To have some paper and colored pens on hand to draw their mindmap. This is the simplest and safest option. The resulting drawing can be held up to the camera during the table breakout.
To use any drawing program on their computer to create their mindmap. Participants can then share their screen window with the drawing when it’s their turn for a consultation.
Campfire and jungle images for the comfort level spectrogram, open in windows for sharing on your online platform.
If you’d like to display participants’ before and after comfort levels with their challenge and/or the likelihood they’ll work to overcome the challenge they shared, you can use an online polling tool like Poll Everywhere. Note that you won’t be able to do the dramatic before/after move comparisons online.
How to run The Solution Room online
Opening the session
The Solution Room facilitator follows the “How?” section of the relevant chapter in The Power of Participation (Chapter 34) or Event Crowdsourcing (Chapter 23) with the following modifications.
In advance of the session, ask participants to have available a method of creating a drawing to share with their small group. Provide detailed options, so they know how they’re going to create their drawing and how they’ll share it.
Before starting, have your staff check that every participant is displaying their name in the participant list.
Introduce The Solution Room, and provide the link to the shared Google Sheet years-of-experience sheet (here’s my sample Sheet). Ask participants to think of their challenge, and then enter their Zoom name in the column headed by their number of years of experience.
Once everyone has entered their years of experience, your staff can calculate the number of breakout rooms needed. While you continue, staff pre-assigns participants to breakout room tables using the information in the Google Sheet.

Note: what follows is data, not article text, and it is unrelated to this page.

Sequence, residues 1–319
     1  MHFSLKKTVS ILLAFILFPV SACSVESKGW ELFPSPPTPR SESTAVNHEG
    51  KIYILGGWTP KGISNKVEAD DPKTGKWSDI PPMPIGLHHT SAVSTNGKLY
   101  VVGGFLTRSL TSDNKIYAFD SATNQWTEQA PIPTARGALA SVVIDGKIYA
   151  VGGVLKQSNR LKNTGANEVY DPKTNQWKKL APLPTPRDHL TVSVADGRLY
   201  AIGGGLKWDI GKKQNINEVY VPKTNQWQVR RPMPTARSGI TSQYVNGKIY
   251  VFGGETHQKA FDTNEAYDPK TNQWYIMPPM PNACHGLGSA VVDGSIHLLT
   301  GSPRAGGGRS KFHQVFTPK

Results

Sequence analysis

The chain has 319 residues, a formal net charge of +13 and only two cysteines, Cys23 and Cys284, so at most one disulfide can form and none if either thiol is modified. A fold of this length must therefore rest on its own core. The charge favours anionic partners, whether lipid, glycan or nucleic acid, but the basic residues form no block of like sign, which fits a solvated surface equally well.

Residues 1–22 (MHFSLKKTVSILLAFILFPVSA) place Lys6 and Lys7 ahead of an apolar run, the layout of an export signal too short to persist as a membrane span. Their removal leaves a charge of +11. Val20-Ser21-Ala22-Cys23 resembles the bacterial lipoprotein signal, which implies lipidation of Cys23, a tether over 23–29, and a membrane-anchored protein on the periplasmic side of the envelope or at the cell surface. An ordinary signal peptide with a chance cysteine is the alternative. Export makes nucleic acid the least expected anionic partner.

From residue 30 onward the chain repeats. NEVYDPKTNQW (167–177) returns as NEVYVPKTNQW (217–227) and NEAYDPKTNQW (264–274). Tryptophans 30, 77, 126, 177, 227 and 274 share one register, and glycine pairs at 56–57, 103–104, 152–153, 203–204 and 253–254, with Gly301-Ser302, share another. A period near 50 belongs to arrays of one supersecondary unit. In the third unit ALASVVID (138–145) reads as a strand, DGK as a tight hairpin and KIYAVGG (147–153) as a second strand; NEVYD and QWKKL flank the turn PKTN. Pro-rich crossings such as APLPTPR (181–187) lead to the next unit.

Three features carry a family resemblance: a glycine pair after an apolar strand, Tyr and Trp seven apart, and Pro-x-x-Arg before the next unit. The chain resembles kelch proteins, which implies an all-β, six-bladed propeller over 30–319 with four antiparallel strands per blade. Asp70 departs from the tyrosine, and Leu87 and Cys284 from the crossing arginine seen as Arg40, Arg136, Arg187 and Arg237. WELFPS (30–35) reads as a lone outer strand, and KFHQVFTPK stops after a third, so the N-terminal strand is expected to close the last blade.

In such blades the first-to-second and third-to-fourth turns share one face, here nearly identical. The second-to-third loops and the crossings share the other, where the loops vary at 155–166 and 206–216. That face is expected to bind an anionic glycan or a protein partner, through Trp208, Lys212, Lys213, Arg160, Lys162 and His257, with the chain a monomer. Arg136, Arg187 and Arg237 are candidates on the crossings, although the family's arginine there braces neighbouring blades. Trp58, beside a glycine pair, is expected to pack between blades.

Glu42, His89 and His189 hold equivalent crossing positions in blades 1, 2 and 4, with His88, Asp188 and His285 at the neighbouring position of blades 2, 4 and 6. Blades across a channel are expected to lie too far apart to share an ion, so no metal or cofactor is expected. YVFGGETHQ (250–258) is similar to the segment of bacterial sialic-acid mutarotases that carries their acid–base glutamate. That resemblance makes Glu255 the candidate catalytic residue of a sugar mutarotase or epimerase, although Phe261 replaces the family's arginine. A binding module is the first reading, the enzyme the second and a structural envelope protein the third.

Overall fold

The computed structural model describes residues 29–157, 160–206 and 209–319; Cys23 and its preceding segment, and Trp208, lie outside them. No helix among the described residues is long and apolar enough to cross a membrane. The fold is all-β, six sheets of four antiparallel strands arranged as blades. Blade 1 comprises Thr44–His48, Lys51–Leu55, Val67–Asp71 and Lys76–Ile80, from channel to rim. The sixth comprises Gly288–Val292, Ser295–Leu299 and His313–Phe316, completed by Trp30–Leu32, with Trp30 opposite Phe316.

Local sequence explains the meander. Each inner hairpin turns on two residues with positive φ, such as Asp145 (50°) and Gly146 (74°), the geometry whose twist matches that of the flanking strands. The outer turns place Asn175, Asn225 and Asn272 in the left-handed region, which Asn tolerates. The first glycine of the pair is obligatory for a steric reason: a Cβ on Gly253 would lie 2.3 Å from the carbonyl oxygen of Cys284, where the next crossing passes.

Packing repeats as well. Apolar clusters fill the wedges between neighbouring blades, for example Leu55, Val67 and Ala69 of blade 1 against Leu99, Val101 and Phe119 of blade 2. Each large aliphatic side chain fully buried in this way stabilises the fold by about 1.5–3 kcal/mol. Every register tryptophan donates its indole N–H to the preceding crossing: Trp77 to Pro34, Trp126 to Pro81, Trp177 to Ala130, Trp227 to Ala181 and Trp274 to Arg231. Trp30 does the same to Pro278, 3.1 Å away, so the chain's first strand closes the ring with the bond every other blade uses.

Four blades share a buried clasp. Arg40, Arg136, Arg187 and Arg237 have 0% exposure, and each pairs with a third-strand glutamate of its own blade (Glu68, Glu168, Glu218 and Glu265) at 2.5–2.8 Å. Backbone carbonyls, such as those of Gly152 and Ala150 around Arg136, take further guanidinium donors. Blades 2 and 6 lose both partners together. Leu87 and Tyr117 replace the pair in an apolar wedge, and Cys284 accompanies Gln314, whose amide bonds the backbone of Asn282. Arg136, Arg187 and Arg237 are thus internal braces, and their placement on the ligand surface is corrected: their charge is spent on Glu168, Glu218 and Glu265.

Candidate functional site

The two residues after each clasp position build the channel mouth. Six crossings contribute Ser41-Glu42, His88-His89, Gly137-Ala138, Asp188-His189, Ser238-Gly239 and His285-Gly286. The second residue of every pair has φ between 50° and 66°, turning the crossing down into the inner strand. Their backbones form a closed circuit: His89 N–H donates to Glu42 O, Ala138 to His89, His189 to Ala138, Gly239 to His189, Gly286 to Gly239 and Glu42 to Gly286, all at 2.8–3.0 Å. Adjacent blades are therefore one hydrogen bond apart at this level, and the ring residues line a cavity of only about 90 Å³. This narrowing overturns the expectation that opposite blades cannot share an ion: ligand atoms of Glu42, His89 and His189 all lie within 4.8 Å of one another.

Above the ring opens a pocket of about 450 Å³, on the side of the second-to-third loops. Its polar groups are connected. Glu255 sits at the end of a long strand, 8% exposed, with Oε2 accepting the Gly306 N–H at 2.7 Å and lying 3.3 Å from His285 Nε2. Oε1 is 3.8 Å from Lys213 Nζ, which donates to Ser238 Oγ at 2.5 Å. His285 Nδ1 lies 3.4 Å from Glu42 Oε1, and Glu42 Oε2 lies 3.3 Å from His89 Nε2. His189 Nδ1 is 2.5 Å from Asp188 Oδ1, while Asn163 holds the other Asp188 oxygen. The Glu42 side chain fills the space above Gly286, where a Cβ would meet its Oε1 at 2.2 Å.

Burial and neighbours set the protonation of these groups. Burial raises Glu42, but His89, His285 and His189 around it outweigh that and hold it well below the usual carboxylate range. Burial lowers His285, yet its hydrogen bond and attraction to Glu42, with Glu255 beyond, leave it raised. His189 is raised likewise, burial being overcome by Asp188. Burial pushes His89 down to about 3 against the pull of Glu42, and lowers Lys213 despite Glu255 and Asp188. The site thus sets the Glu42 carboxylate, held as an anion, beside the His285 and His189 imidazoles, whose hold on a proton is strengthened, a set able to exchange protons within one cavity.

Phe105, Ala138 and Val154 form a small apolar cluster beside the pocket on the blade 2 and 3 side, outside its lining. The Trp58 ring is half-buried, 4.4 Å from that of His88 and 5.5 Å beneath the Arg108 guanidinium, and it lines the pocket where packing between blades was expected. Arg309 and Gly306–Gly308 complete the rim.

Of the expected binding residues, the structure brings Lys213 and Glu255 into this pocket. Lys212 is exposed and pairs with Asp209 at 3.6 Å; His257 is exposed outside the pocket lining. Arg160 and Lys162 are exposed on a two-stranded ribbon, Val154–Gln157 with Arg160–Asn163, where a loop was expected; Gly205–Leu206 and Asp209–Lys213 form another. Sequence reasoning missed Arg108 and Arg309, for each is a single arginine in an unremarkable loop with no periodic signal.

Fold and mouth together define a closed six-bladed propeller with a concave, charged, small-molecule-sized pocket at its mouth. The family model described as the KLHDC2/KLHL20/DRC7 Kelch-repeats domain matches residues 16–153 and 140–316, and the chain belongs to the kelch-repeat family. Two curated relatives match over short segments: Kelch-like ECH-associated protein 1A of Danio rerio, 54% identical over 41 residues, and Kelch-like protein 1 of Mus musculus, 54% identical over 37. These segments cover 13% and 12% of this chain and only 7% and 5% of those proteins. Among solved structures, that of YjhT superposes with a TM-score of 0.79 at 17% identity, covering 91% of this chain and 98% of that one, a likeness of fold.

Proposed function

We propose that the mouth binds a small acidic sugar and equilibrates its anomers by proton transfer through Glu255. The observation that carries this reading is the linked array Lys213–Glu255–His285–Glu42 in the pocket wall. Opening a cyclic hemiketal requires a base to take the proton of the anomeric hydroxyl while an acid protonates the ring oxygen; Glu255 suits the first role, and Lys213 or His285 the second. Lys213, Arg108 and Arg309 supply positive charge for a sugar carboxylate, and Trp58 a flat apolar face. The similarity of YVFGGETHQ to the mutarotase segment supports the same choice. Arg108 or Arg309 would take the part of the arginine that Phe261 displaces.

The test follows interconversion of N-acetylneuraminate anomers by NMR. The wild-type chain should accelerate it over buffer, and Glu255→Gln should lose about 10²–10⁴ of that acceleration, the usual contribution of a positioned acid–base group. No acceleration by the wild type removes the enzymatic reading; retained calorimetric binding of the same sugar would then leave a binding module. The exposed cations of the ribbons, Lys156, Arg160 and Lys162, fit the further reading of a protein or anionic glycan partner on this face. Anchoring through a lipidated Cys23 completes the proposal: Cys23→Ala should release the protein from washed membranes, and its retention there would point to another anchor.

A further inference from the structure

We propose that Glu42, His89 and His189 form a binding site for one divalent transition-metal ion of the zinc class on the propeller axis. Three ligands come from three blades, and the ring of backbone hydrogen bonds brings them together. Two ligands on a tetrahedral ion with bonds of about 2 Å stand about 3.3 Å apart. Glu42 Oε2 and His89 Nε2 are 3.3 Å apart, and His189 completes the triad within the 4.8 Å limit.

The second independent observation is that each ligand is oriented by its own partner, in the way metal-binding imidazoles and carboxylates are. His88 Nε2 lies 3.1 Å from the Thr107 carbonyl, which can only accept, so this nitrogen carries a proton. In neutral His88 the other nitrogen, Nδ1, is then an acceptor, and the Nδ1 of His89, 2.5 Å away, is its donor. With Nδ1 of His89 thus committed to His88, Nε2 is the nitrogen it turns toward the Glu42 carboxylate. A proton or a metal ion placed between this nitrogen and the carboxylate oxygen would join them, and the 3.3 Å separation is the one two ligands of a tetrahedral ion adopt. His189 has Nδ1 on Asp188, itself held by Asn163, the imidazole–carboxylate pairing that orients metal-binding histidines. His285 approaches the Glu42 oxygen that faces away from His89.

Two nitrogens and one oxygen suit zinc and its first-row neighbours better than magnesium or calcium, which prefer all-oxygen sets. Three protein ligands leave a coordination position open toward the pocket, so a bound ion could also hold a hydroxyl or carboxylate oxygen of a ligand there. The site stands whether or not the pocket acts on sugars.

An example of table assignment, using the sample Google Sheet
The sample Google Sheet contains twenty participants. So if we are using a table size of seven, we will need three breakout rooms. Your staff will, therefore, go through the Sheet from the left, down each column, and then to the right, assigning each participant a number between 1 and 3. F0r the example, the three tables will be:
#1: Julio Melia, Marvin Brentwood, Elizabeth Strong, Gurdeep Mac, Liliana Hoffman, Ivor Rennie, Zahrah Valenzuela
#2: Harold Kormann, Fergus Roth, Khi Suliman, Bayley Sims, Arian Faulkner, Alayah Hurley, Adrian Segar, Tyriq Kenny
#3: John Smith, Mario Fernandez, Selina Hatherton, Malaika Byers, Inigo Tyler
Each table contains a mixture of years of experience, from novice to veteran.
The comfort spectrogram
Run the comfort spectrogram, sharing your campfire and jungle images at the appropriate times. If you have a polling instrument, ask each participant to rate their pre-exercise comfort level on working on their challenge on a scale of 1 (extremely uncomfortable) to 10 (perfectly comfortable) and to enter their rating. No polling instrument? Simply ask them to remember their rating.
While everyone is still together, give the mindmapping instructions and give participants a few minutes to create their drawings. Ask participants to turn off their camera, raise their hand, or provide some other signal that they have finished. Tell them they can use private chat with the facilitator or staff if they have any questions.
When it’s time for table sharing to start, provide the instructions for table sharing. Answer any questions, and then move participants to their breakout room tables, or tell them their table number and have them move themselves.
Use broadcast messages to provide the midway, two-minute, and time’s up announcements. At the start of the last sharing round, remind tables with one empty seat to use the time for additional consulting.
Ask everyone to thank their table colleagues for their advice and support. Allow a couple of minutes for this, and then bring everyone back together.
Running the closing spectrogram(s)
Display the jungle and campfire images and run the second comfort spectrogram. If using a polling instrument, compare the pre- and post- comfort distributions. Otherwise you can ask people to raise their hand for three options in turn: their comfort level increased, stayed the same, or decreased.
If desired, run the likelihood that participants will work to overcome the challenge they just shared.
Finally, if you have time and the inclination, take some sharing about the exercise, using an appropriate “who goes next” protocol.
That’s it! If you run The Solution Room online, please feel free to share your experience in the comments below.